Sunday, April 12, 2009

The Imperishable Body of the Risen Lord

The records represent Christ as passing after death (as no man had ever passed before) neither into a purely, that is negatively, 'spiritual' mode of existence nor into a 'natural' life such as we now know, but into a life which has its own new Nature. It represents Him as withdrawing six weeks later, into some different mode of existence. It says - He says - that He goes 'to prepare a place for us.' This presumably means that He is about to create that whole new Nature which will provide the environment or conditions for His glorified humanity and, in Him, for ours. The picture is not what we expected - though whether it is less or more probable and philosophical on that account is another question. It is not the picture of an escape from any and every kind of Nature into some unconditioned and utterly transcendent life. It is the picture of a new human nature, and a new Nature in general, being brought into existence. We must, indeed, believe the risen body to be extremely different from the mortal body: but the existence, in the new state, of anything that could in any sense be described as 'body' at all, involves some sort of spatial relations and in the long run a whole new universe. That is the picture - not of unmaking but of remaking. The old field of space, time, matter and the sense is to be weeded, dug and sown for a new crop. We may be tired of that old field: God is not.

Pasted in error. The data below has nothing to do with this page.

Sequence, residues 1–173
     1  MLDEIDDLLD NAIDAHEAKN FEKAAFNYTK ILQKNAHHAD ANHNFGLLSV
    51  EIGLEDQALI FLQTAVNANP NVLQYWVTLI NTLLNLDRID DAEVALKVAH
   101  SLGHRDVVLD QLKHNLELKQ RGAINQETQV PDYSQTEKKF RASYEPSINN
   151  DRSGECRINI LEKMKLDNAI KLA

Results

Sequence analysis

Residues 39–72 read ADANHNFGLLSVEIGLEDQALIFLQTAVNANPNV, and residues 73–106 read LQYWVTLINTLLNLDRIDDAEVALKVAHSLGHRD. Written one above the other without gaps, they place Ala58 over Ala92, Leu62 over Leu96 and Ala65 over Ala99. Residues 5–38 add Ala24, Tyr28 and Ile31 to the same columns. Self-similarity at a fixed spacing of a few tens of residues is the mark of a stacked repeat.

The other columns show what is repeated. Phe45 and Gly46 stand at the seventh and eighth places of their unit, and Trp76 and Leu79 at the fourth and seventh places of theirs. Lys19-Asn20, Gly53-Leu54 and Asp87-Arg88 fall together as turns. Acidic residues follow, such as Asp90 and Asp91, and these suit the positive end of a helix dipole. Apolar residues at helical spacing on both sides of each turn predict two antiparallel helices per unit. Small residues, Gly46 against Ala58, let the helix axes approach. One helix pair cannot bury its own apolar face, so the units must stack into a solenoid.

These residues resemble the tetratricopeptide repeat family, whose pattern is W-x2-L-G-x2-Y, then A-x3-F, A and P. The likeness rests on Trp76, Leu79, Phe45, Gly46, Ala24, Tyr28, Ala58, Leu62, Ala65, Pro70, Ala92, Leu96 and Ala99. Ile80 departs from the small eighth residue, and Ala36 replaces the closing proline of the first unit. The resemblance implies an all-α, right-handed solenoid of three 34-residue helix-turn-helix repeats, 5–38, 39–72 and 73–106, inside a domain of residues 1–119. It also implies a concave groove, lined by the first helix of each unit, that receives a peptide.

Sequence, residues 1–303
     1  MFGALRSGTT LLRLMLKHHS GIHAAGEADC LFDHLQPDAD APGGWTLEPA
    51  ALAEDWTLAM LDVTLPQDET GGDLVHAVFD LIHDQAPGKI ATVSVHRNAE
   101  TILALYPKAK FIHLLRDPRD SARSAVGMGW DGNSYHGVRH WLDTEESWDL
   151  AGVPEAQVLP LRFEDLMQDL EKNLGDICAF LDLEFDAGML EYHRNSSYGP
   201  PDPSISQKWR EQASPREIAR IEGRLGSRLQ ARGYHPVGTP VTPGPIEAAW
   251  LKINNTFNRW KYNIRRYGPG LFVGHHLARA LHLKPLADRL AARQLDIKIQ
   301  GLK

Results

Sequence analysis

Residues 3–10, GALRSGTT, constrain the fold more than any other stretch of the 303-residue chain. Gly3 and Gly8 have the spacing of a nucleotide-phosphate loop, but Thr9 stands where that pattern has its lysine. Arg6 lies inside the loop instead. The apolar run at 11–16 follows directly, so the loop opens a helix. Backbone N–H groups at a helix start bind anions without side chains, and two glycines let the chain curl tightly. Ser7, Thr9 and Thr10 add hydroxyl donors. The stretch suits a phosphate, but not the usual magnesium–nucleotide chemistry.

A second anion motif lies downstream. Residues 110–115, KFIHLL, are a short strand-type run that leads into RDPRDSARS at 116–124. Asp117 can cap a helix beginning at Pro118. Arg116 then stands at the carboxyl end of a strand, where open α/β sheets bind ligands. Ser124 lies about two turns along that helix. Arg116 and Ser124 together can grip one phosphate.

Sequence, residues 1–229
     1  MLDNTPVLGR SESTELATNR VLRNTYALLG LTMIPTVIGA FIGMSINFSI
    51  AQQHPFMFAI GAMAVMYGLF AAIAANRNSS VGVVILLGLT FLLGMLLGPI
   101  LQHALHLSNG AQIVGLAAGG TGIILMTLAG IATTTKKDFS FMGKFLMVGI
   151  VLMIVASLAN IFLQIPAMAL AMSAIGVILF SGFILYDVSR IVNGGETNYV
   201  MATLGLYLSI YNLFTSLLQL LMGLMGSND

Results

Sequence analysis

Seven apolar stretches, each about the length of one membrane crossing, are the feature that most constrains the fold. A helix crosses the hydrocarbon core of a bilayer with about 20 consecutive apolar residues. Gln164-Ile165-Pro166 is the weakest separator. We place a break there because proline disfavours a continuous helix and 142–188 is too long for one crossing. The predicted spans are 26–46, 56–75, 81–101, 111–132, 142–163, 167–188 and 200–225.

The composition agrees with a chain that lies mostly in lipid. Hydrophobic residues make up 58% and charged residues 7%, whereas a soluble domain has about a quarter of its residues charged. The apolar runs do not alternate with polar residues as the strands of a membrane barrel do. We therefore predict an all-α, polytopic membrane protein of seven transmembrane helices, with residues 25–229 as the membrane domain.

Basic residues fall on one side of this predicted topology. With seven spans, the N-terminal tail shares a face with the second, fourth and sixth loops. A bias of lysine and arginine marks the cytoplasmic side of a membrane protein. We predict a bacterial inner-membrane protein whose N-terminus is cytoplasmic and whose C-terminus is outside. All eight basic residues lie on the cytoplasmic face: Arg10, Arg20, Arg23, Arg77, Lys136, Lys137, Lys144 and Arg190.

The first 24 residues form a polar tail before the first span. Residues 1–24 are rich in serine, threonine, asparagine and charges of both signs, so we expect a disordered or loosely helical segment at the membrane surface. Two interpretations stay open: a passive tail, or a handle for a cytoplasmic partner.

~ C. S. Lewis, The Business of Heaven

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